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dc.contributor.authorWood, Alex M.-
dc.contributor.authorJoseph, Stephen-
dc.contributor.authorMaltby, John-
dc.identifier.citationPersonality and Individual Differences, 2009, 46 (4), pp. 443-447.en_GB
dc.descriptionThis paper was published as Personality and Individual Differences, 2009, 46 (4), pp. 443-447. It is available from Doi: 10.1016/j.paid.2008.11.012en_GB
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dc.description.abstractThis study tests whether gratitude predicts psychological well-being above both the domains and facets of the five factor model. Participants (N = 201) completed the NEO PI-R measure of the 30 facets of the Big Five, the GQ-6 measure of trait gratitude, and the scales of psychological well-being. Gratitude had small correlations with autonomy (r = .17), and medium to large correlations with environmental mastery, personal growth, positive relationships, purpose in life, and self-acceptance (rs ranged from .28 to .61). After controlling for the 30 facets of the Big Five, gratitude explained a substantial amount of a unique variance in most aspects of psychological well-being (r equivalent = .14 to .25). Gratitude is concluded to be uniquely important to psychological well-being, beyond the effect of the Big Five facets.en_GB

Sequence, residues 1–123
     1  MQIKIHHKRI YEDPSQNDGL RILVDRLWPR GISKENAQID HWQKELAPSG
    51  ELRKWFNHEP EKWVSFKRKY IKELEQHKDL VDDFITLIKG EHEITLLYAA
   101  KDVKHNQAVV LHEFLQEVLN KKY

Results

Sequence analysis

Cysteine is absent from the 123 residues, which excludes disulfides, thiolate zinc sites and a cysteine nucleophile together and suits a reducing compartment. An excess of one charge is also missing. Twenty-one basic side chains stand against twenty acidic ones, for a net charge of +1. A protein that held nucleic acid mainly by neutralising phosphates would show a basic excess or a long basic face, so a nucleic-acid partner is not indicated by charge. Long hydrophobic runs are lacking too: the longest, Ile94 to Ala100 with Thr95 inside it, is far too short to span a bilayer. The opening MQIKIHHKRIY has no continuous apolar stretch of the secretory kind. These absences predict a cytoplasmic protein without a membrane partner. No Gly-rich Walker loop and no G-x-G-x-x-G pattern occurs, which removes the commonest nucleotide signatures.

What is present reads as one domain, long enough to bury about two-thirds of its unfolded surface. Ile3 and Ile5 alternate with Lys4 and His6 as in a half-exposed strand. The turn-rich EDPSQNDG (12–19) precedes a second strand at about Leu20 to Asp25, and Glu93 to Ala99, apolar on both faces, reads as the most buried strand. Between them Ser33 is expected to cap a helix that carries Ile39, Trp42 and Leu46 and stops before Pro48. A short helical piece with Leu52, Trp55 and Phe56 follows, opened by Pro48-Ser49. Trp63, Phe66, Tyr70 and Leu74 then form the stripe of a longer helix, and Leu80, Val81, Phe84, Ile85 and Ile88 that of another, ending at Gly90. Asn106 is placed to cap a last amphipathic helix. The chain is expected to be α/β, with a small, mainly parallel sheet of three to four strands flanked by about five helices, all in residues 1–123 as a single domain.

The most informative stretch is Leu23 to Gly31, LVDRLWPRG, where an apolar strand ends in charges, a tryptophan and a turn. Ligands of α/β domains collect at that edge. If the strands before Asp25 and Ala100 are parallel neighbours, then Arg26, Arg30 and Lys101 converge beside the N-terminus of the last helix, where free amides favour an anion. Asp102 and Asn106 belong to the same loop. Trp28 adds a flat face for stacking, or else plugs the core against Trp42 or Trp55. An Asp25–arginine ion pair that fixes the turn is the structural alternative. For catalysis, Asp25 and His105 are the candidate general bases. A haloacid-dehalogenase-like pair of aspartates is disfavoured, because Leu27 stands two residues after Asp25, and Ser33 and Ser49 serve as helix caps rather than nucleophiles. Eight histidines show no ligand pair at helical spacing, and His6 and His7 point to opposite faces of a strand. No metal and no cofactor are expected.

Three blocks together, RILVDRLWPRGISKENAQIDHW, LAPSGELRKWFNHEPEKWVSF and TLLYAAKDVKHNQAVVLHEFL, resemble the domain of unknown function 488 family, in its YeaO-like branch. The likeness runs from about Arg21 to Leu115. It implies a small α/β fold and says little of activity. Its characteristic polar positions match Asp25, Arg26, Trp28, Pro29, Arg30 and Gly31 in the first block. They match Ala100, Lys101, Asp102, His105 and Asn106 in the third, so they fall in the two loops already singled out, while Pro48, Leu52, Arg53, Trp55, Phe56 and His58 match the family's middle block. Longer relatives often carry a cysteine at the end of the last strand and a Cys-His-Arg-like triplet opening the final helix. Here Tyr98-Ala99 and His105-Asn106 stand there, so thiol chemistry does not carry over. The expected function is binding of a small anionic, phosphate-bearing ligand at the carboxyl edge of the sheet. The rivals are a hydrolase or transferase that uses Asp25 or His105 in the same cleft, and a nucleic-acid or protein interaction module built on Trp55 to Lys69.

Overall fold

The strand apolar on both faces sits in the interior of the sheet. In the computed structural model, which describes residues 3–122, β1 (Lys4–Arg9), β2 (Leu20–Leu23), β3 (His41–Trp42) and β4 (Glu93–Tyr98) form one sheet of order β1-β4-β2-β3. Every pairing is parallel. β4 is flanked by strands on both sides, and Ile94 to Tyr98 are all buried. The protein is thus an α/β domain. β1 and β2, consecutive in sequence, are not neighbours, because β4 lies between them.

dc.titleGratitude predicts psychological well-being above the Big Five facetsen_GB
Appears in Collections:Published Articles, School of Psychology

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